It must be rewarding for those who broke the mould to see new young Turks having a go. ‘Bloody hell, no,’ says Eclair. ‘l have bad dreams about lines of nubile female comics running to Channel 4 before me because I’m older and I smoke. Don’t do it girls - wait until I’ve retired.’

For lederer, Eclair and McPhail, there’s no longer the risk of being the ‘token woman’ on the bill: all are bringing solo shows to this year’s Fringe, an achievement for any comedian, regardless of gender. ‘We don’t have to fly flags for anyone any more. We’re flying them for ourselves as individuals and as comics. We can put across what we want and not what people think is correct,’ says McPhail. Lederer agrees. ‘I always thought it bizarre to categorise women and not men. Really, all the analysis in the world isn’t going to change having to go out there and be funny.’ (Grace

Eclair: ‘l wasshit for a long time.’

well out of it. If you were a mediocre woman you got more gigs out of it than a mediocre man. I’m not complaining, but now it’s time to move

on, and we must stand up for good or liodge)

bad with the boys.’ Jenny Eclair Peroxide Comedy (Fringe) .lenny Eclair, agrees. ‘I was shit for a long time. My Pleasance (Venue 33) 556 5550, 11

act was positively winsome - reading Aug-4 Sept (not 15 Aug and 2 Sept), poems, for God’s sake.’ Helen lederer 9.15pm, £6.50 (£5.50).

claims to have been unaffected by all the attention. ‘I always had better things to do than think about being a woman in comedy - were the lights going to work? Who was looking after my child? I don’t think we should feed the hype.’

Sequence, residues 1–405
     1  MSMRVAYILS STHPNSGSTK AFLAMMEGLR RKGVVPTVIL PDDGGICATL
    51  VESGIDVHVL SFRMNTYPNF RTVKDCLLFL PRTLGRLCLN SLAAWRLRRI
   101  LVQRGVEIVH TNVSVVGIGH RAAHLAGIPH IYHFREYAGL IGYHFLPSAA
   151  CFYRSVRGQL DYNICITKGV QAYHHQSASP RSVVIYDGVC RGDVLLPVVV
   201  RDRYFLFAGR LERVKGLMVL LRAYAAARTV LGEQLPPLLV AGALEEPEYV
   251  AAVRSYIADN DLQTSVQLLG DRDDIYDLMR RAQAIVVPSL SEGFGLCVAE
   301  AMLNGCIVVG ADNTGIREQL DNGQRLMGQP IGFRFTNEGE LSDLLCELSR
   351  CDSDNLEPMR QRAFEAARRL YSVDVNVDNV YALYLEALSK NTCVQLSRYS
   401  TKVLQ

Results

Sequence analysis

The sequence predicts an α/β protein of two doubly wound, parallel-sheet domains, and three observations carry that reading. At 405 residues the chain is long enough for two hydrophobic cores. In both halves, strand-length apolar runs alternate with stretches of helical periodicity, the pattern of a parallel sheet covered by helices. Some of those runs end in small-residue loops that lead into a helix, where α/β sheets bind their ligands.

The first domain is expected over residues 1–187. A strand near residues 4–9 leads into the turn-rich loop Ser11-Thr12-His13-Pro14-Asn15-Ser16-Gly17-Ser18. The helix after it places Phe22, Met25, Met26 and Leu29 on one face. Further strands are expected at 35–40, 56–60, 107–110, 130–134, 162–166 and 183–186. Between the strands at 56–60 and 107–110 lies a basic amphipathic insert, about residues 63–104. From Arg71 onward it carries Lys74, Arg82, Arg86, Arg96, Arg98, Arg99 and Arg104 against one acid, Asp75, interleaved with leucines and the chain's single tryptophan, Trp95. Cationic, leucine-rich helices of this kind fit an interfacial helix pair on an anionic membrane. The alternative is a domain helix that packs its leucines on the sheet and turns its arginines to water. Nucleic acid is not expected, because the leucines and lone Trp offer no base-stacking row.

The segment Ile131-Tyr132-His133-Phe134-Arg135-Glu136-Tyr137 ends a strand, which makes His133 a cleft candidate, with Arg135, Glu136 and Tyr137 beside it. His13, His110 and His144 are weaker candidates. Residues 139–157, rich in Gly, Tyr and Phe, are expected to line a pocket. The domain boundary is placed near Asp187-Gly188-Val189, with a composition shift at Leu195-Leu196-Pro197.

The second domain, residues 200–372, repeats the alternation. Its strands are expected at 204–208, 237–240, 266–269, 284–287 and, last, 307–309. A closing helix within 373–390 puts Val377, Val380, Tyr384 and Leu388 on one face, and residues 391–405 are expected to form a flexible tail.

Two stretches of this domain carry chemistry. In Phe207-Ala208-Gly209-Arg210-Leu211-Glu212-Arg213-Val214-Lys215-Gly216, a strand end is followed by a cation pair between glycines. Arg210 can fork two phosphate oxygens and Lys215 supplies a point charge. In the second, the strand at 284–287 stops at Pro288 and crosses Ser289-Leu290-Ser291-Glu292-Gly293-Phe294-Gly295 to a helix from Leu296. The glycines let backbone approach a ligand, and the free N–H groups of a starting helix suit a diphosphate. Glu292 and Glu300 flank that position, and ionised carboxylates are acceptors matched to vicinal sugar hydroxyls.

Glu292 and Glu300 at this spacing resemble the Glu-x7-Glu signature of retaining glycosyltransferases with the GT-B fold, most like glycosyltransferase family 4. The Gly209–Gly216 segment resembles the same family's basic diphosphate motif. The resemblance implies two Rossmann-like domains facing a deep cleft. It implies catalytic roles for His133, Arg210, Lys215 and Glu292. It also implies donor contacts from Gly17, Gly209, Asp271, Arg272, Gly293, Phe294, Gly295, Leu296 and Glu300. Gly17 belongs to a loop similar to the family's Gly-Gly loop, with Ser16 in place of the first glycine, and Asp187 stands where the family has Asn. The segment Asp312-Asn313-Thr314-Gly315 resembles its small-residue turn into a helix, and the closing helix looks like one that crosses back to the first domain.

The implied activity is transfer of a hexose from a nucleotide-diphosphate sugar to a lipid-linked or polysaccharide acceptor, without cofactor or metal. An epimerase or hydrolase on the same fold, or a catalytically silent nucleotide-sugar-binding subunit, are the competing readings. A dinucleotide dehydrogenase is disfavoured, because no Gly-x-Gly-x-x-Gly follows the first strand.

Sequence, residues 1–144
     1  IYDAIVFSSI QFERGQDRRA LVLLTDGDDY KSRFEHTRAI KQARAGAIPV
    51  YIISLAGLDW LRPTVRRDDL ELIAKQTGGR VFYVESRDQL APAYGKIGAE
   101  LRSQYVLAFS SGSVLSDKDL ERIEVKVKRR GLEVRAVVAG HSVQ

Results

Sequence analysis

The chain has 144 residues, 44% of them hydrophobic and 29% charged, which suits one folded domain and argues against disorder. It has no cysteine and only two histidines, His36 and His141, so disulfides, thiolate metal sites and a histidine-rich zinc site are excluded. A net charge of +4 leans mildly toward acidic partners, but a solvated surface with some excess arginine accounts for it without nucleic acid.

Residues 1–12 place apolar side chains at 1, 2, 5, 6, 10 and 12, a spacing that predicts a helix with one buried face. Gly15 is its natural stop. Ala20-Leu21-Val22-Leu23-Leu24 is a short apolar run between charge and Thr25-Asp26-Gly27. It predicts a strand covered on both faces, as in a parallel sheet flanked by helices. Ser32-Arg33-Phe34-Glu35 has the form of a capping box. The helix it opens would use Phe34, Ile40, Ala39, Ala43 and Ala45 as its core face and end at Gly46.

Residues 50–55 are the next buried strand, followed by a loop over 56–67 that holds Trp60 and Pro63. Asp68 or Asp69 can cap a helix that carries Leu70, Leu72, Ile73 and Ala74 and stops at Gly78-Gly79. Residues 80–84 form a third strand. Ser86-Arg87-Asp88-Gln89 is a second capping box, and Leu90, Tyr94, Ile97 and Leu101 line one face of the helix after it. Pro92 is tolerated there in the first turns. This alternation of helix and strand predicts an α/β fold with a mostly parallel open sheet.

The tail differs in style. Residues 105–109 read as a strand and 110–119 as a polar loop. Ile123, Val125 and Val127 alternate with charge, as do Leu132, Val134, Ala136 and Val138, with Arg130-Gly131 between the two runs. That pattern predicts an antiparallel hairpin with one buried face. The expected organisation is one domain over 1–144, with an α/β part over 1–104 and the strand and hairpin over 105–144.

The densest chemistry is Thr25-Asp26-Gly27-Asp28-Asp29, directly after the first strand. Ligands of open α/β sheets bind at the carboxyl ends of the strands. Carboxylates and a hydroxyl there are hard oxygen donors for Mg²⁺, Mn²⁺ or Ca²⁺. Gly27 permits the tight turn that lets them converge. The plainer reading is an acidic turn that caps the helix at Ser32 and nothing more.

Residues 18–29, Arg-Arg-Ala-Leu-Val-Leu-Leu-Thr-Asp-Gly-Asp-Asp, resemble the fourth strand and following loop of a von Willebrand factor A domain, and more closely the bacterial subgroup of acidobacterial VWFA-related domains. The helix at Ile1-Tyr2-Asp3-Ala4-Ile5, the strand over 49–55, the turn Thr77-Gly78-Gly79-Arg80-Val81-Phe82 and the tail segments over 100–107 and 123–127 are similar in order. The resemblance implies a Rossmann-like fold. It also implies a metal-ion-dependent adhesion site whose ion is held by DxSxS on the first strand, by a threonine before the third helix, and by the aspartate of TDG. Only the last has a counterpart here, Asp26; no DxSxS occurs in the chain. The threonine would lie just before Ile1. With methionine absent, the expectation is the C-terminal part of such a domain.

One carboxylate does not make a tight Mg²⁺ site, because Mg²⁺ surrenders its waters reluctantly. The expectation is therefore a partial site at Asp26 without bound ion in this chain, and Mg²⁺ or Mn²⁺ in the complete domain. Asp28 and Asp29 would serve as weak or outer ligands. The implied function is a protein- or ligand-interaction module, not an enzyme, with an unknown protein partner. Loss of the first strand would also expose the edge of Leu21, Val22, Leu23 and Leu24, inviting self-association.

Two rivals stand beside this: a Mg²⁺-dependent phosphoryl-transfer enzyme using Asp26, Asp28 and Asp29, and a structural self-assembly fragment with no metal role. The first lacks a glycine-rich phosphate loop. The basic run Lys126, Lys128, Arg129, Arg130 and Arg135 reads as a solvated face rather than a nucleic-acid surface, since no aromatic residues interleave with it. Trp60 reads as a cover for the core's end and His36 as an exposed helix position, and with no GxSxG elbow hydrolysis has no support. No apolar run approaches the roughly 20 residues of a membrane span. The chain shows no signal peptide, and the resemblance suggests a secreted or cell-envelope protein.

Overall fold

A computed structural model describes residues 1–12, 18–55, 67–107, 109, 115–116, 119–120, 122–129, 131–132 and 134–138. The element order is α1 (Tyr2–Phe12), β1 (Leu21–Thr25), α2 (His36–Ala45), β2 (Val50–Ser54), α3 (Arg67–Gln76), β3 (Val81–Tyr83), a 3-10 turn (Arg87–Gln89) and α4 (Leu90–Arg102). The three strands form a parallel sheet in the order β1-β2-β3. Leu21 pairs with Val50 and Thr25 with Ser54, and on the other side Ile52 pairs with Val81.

Donna McPhail (Fringe) Gilded Balloon (Venue 38) 226 2151 , 13 Aug-4 Sept (not 24 and 31), 8.30pm, £6 (£5).

Still Crazy After All These Years (Fringe) llelen lederer, Assembly Rooms (Venue 3) 13 Aug-4 Sept (not 23), 8pm, £748 (CG-£7).


The night is but young - Sue Wilson picks out live shows you can notch up well before you retire to that small- hours drinking den.

I An Audience With An African Queen Biting black comedy from renowned South African satin'st Pieter Dirk Uys. An Audience With An African Queen (Fringe) Pieter Dirk Uys. Assembly at the Meadows (Venue 116) 226 2468. I3 Aug—4 Sept, 8pm. £6.50 (£5.50).

I Rich flail UK debut for an ex-street performer turned highly successful comedian. veteran of umpteen appearances on Saturday Night Live and the Tonight Show.

Rit‘h Hall (Fringe) Fools Paradise. Moray House (Venue [08) 556 5184. I3 Aug—4 Sept (not [6. 23, 30). 9.45pm. £6. 50 (£5).

I noll-A-Pea Poland's Wiers'zalin Theatre with a visually and aurally stunning blend of folklore and contemporary issues. dialogue and song. realism and symbolism. based on a Byelorussian folk-tale.

Roll-A-Pea (Fringe) Wterszalin Theatre, Theatre Workshop (Venue 20) 226 5425, I3 Aug—4 Sept (not 15). 8.30pm. £7 (£4).

I Lilith Tenth anniversary European premiere for the acclaimed Melanie Stewart Dance company. inspired by the biblical and mythological story of Adam‘s first wife.

Lilith (Fringe) Melanie Stewart Dance. Theatre Workshop (Venue 20) 226 5425. 13—28 Aug (not 15. 22). 9.45pm. £6 (£3.50).

I Churchill’s Shorts London University Theatre Company follow up last year‘s successful visit with a rare chance to see three one-act plays by Caryl Churchill Not Enough Oxygen. More Sleepless Nights and Lovesick. Churchill 3 Shorts (Fringe) London University Theatre Company. Celtic Lodge (Venue 6) 225 7097. 15—28 Aug (not Mons). 9pm. £4.50 (£3).